Just as the internet was developed as a government application then transitioned to the public, this IoT solution can be also be deployed in this manner. Current Defense Department initiatives include the ability to identify and react to network changes. The Defense Advanced Research Projects Agency (DARPA) is working to develop self-healing networks. Currently, finding bugs have been considered “artisanal” requiring many hours of professional expertise. These challenges leave hackers with an advantage. Judson Walker, systems engineering director at Brocade Communications Systems, insists that IoT security solutions lie in clearly defined software and application program interface frameworks. These frameworks centralize control over IoT devices, facilitating the ability to alter sensors with minimal effort. Handling massive amounts of data has provided the push for machine learning (artificial intelligence). Algorithms are being formulated for use in not only networks to examine the information, but to also understand it and recognize unusual changes or deviations– ultimately making decisions to mitigate threats. Removing the human piece will provide a much faster reaction to events as opposed to the slow engagement (or non-engagement) of human owners. On-the-spot self-correction is the quickest way. The technology does exist, but the lack of trust is the biggest hurdle as we are turning over human decision making to algorithms (Jontz, 2017).
The Internet of Things is a ubiquitous entity that offers untold abilities and conveniences that could not be anticipated 20 years ago. Unfortunately, the ubiquity and security concerns can leave users including countries, cities, municipalities, and individuals vulnerable in a multitude of ways. The sheer volume of devices and the data they process and store can be used by bad actors for ill. While we are becoming more aware of the risks, we continue to plug-in without taking proper care to mitigate and address those risks. Some solutions are simple (changing usernames and passwords) while others are more complex (implementing authentication and encryption). If companies insist on producing unsecured IoT devices, perhaps the government may step in to regulate the security of these devices. Until we start to take notice of the risks and take the initiative for our own security. Personal responsibility means we take it upon ourselves to do what we can to secure our personal devices while demanding companies secure theirs. Lack of action should require federal intervention to protect the public at large. We should always remember that information is power. We should never give up that power unknowingly or unwillingly.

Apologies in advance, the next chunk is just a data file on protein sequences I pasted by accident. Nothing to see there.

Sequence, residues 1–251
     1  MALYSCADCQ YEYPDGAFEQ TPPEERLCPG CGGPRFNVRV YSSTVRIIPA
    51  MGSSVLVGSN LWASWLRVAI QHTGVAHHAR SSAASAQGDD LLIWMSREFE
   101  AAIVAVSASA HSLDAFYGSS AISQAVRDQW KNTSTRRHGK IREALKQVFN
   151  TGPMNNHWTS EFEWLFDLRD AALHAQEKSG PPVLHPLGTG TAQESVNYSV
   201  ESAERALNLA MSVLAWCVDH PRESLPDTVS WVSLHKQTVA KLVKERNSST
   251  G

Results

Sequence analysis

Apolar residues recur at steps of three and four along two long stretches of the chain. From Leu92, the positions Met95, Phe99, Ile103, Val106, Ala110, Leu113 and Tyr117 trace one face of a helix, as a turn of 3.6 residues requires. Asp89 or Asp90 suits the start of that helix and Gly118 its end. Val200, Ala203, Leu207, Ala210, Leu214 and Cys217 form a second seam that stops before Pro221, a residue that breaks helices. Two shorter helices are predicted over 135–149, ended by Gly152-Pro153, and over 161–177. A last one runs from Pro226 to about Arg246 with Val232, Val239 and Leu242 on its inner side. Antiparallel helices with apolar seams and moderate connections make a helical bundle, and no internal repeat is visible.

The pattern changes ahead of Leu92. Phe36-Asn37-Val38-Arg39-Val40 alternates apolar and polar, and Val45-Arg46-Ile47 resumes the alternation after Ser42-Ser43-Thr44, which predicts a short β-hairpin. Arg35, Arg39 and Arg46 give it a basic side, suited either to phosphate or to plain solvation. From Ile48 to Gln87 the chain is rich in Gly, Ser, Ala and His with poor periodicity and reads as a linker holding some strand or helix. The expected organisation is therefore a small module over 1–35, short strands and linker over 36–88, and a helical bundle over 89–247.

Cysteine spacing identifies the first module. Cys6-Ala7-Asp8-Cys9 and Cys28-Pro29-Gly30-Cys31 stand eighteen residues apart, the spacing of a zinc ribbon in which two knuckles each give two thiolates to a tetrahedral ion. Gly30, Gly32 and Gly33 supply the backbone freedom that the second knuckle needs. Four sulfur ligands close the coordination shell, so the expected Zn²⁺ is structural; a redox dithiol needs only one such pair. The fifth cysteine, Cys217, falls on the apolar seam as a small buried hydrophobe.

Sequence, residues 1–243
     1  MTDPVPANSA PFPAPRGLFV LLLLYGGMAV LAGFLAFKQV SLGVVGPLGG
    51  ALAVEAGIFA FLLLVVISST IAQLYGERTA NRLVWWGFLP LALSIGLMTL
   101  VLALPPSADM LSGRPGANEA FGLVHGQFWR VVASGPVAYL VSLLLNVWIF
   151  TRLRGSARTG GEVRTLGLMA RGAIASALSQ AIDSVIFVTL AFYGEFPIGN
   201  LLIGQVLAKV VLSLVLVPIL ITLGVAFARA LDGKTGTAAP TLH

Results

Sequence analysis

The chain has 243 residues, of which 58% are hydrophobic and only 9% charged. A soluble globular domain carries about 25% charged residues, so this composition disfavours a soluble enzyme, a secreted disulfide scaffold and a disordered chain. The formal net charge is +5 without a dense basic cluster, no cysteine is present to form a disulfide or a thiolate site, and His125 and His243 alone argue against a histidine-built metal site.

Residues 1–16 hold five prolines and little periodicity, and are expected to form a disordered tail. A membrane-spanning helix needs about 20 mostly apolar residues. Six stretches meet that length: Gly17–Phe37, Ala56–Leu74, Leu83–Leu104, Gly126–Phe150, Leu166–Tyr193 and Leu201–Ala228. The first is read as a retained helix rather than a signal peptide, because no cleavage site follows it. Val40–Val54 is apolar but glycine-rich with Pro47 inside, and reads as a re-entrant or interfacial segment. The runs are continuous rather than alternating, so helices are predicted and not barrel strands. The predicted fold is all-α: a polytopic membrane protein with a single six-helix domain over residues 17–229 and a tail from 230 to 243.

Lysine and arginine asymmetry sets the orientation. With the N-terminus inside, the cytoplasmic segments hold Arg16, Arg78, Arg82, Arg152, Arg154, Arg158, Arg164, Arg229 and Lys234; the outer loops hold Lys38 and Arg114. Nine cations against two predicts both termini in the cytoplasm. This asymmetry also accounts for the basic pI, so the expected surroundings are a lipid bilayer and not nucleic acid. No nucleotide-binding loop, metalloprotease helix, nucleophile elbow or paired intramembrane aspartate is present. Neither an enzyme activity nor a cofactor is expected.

Burrus, D. (2017). The Internet of Things Is Far Bigger Than Anyone Realizes. Retrieved from https://www.wired.com/insights/2014/11/the-internet-of-things-bigger/
Coppock, M. (2017). New ‘BrickerBot’ malware attack kills unsecured Internet of Things devices. Retrieved from https://uk.news.yahoo.com/brickerbot-malware-attack-kills-unsecured-204503806.html
Economist. (2017). The world’s most valuable resource is no longer oil, but data. Retrieved from http://www.economist.com/news/leaders/21721656-data-economy-demands-new-approach-antitrust-rules-worlds-most-valuable-resource
Inkwood Research. (2017). Global Internet Of Things Market Forecast 2017-2025. Retrieved from https://www.reportbuyer.com/product/4379313/global-internet-of-things-market-forecast-2017-2025.html
Jontz, S. (2017). Cyber Network, Heal Thyself. Retrieved from http://www.afcea.org/content/?q=cyber-network-heal-thyself
Meola, A. (2016). How the Internet of Things will affect security & privacy. Retrieved from http://www.businessinsider.com/internet-of-things-security-privacy-2016-8
Palmer, D. (2016). IoT devices can be hacked in minutes, warn researchers. Retrieved from http://www.zdnet.com/article/iot-devices-can-be-hacked-in-minuteswarn-researchers/
Palmer, D. (2017). Internet of Things security: What happens when every device is smart and you don’t even know it? Retrieved from http://www.zdnet.com/article/internet-of-things-security-what-happens-when-every-device-is-smart-and-you-dont-even-know-it/
Press, G. (2017). 6 Hot Internet of Things (IoT) Security Technologies. Retrieved from https://www.forbes.com/sites/gilpress/2017/03/20/6-hot-internet-of-things-iot-security-technologies/#4d72f76e1b49
Williams, B. (2017). Put a lock screen on your phone, sheeple! Retrieved from http://mashable.com/2017/03/15/phone-security-lock-screen-survey/#ODDkctwhXSqk
About the Author
Daniel Jetton MBA, MS, MA, CISSP, CAP, PMP is the Vice President of Cyber Services for OBXtek, Inc., an Award-Winning Government Cybersecurity Service Provider providing Information Technology Engineering and Support, Program Management, Software Development, Testing, and Information Security services to the Federal Government. He is responsible for leading and defining cyber strategy while ensuring security, defense and risk mitigation for his clients.
Mr. Jetton is a former Army Medical Chief Information Officer with over 25 years of experience in cybersecurity, management, strategic planning and project management.
Daniel can be reached online at (email@example.com). You can follow Daniel on Twitter @CyberPhalanx. For more information on OBXtek, please visit their website at https://www.obxtek.com/aboutus